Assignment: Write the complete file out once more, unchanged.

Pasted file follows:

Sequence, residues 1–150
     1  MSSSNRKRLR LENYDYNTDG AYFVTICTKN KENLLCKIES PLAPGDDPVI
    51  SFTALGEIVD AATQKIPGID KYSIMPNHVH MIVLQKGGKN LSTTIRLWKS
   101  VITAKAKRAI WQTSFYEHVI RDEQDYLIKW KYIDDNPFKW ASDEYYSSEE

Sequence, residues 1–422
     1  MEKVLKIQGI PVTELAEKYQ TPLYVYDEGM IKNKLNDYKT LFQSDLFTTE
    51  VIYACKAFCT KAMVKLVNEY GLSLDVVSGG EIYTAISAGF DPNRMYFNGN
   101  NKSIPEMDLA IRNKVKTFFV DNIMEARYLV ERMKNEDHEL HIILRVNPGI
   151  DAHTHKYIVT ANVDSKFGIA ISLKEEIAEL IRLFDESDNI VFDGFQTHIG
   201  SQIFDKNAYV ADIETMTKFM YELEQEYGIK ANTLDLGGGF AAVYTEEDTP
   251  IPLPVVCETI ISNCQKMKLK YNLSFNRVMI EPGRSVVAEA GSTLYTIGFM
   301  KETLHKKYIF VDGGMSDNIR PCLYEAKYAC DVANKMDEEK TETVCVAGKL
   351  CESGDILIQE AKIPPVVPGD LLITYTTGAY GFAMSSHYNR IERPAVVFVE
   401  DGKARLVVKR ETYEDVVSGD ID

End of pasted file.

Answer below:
Sequence, residues 1–150
     1  MSSSNRKRLR LENYDYNTDG AYFVTICTKN KENLLCKIES PLAPGDDPVI
    51  SFTALGEIVD AATQKIPGID KYSIMPNHVH MIVLQKGGKN LSTTIRLWKS
   101  VITAKAKRAI WQTSFYEHVI RDEQDYLIKW KYIDDNPFKW ASDEYYSSEE

Sequence, residues 1–422
     1  MEKVLKIQGI PVTELAEKYQ TPLYVYDEGM IKNKLNDYKT LFQSDLFTTE
    51  VIYACKAFCT KAMVKLVNEY GLSLDVVSGG EIYTAISAGF DPNRMYFNGN
   101  NKSIPEMDLA IRNKVKTFFV DNIMEARYLV ERMKNEDHEL HIILRVNPGI
   151  DAHTHKYIVT ANVDSKFGIA ISLKEEIAEL IRLFDESDNI VFDGFQTHIG
   201  SQIFDKNAYV ADIETMTKFM YELEQEYGIK ANTLDLGGGF AAVYTEEDTP
   251  IPLPVVCETI ISNCQKMKLK YNLSFNRVMI EPGRSVVAEA GSTLYTIGFM
   301  KETLHKKYIF VDGGMSDNIR PCLYEAKYAC DVANKMDEEK TETVCVAGKL
   351  CESGDILIQE AKIPPVVPGD LLITYTTGAY GFAMSSHYNR IERPAVVFVE
   401  DGKARLVVKR ETYEDVVSGD ID